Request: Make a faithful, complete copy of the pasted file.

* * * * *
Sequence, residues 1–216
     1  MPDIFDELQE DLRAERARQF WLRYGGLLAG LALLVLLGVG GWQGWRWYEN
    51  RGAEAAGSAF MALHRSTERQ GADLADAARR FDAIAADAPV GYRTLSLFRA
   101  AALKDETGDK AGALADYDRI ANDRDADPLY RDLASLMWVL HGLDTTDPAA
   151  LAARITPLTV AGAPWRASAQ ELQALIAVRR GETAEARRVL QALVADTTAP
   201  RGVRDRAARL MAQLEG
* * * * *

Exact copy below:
Sequence, residues 1–216
     1  MPDIFDELQE DLRAERARQF WLRYGGLLAG LALLVLLGVG GWQGWRWYEN
    51  RGAEAAGSAF MALHRSTERQ GADLADAARR FDAIAADAPV GYRTLSLFRA
   101  AALKDETGDK AGALADYDRI ANDRDADPLY RDLASLMWVL HGLDTTDPAA
   151  LAARITPLTV AGAPWRASAQ ELQALIAVRR GETAEARRVL QALVADTTAP
   201  RGVRDRAARL MAQLEG